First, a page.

In addition, regarding your statements “Skills first. Manager and cultural fit second.” I would argue quite the opposite that it’s vital to measure cultural fit first and skills second. Not to say that skills aren’t important but the fact is that if the cultural fit isn’t a match – the candidate will struggle and will not likely be able to ever demonstrate the technical skills.

    In fact, I would strongly suggest that more organizations would be better served to focus more on the cultural fit and I would be confident that the costs of hiring and turn-over would decrease. Skills can be taught, personality traits cannot. I have had numerous conversations with clients who are looking for the infamous “purple squirrel” skill set – paying excessive amounts in relocation costs, recruiting fees, sponsorships of H1-B visas in some cases and premium skill compensation plans. Perhaps the candidate with measured cultural fit skills and a good foundation in the desired skill sets will actually stay longer and produce more – a much better ROI than the other premium skill candidates. We have seen it time and time again – they take the money and jump ship at the next highest bidder.

    In my experience, success Predictors are the true measure of separates the great from the average. And, to determine what that is, the organization would have this measured. Such science is no accident and it’s not competent to suggest otherwise. I would much prefer to focus on what can be measured and provide my clients with a structured method of selection. This way we are better able to provide consistent results.

    I do agree with your statements that such best practices are always not budgeted for. Author Herbert Heineman III , states in his book, “Staffing Organizations” that the trends may be turning “ Turn-over rates are often used in staffing metrics” (Heneman III pg. 651) This evidence suggests to me that indeed, HR is measuring turn-over and looking at the costs associated with employee ROI. Understanding why an employee leaves and organization is part of the measure.

    We can agree that there are the canned, “off the shelf-generic” products. And yes, I agree, will not measure success predictors for clients based on corporate culture.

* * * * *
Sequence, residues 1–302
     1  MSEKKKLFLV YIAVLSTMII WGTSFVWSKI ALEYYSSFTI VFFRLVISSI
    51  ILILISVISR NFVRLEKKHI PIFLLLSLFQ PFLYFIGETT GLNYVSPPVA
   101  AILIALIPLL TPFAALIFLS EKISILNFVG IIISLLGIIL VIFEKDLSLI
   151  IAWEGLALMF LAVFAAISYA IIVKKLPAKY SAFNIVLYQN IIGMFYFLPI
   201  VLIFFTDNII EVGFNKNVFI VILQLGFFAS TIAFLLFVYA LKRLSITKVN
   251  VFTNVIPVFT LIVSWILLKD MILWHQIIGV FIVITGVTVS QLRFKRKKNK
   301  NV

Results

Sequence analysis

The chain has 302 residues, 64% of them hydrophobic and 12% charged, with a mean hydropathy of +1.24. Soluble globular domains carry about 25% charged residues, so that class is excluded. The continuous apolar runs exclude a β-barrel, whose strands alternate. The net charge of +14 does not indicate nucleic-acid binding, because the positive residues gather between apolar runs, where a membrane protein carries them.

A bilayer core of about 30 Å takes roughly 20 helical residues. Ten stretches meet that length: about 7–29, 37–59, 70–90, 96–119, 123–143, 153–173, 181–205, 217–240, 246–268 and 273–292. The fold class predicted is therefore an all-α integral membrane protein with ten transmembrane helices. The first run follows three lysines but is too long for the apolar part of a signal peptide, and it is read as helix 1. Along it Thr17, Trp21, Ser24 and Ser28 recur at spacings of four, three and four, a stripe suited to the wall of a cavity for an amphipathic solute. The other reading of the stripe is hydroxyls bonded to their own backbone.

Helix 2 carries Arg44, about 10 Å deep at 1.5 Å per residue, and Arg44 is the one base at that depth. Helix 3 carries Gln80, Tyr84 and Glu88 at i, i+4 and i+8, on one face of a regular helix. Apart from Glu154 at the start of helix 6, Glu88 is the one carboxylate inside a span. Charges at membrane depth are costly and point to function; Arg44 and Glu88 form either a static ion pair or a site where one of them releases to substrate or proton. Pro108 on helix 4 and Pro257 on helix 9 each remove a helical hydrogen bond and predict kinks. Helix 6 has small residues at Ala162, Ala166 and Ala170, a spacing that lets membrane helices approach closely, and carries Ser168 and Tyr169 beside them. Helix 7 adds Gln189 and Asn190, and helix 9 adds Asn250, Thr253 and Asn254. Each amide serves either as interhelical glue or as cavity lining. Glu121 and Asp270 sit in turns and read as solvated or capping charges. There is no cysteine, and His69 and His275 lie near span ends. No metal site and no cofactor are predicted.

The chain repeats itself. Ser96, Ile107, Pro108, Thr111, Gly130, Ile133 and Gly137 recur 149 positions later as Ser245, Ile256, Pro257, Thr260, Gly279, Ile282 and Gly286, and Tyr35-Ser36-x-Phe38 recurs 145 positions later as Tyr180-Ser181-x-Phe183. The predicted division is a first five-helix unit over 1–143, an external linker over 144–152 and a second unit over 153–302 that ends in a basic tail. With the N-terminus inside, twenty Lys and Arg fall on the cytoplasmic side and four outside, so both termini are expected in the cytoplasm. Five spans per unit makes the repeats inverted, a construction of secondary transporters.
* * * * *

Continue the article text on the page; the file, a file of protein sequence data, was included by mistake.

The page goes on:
However, there are options. An organization seeking to be more successful will undertake best practice measures to determine which product is easiest to use. I would recommend to my clients that they likely want to achieve a better candidate experience and saving hiring manager’s time and is priced affordably. One such product is ( They offer a number of services options that include a tailored assessment feature – thus, allowing a company to find those specific success predictors.

    In sum, I think as Subject Matter Experts in staffing, as professionals we would be wise to support improved hiring strategies that will enable our clients to achieve greater success – the more successful our clients are, the more they need to hire – it’s just smart business.

    References: 2009. 22 March 2010 .
    Heneman III, Herbert G. & Timothy A. Judge. Staffing Organizations. Middleton: McGraw Hill, 2009.

    Submitted by:
    Sandra M. DeChant
    President & Founder
    Human Capital Consulting

  • Dr. Wendell Williams

    Let me see if I can understand what you are saying…
    You claim I have not done my homework. Does an MBA, MS, Ph.D. in selection,and 9 years developing and validating tests and assessments qualify?

    If, as you claim, cultural assessments and something called “Predictors” are more important than skills, why does the EEOC and OFCCP audit organizations using the 1978 Guidelines on Employee Selection Procedures as their base-line for compliance investigations? This document clearly states tests and assessments (that includes interviews) should be based on job requirements and business necessity (i.e., skills).

    Skills are easier to train? If you have a significant other, is it easy to change his or her behavior? As an executive manager, line manager, head of training for two large organizations, and master trainer for two international training organizations, I feel qualified to say that it is easier to train a chicken to climb a tree than to skills-train an unqualified employee.

    Finally, you cite as your source, a self-reported test written by a vendor. If you call the officer of that company cited as the SIOP expert, I’m pretty sure he would tell you that mental ability is the single greatest success predictor we know of. Self-reported tests are among the bottom. Furthermore, it is virtually impossible to train someone to become more intelligent.

    I could not agree more with your comment that staffing professionals would be wise to support improved hiring strategies…They are already being used by many of the leading organizations in the world, however, in my experience, they are seldom used or understood by external folks.

  • Jared Hooste

    I see two issues that hamper validation. First, predictor score are too often composed of manager ratings. While these are easier to get; however, they are biased. We can get better performance measures that measure multiple facets of our jobs and that are objective, Especially if it is a line job. Second, there is not enough follow-up studies on hiring test. Many time a validation study is done with incumbents, but no one looks back one or two years later to measure the “skills” of those employees that originally took the test and match up with the test content.

  • Dr. Wendell Williams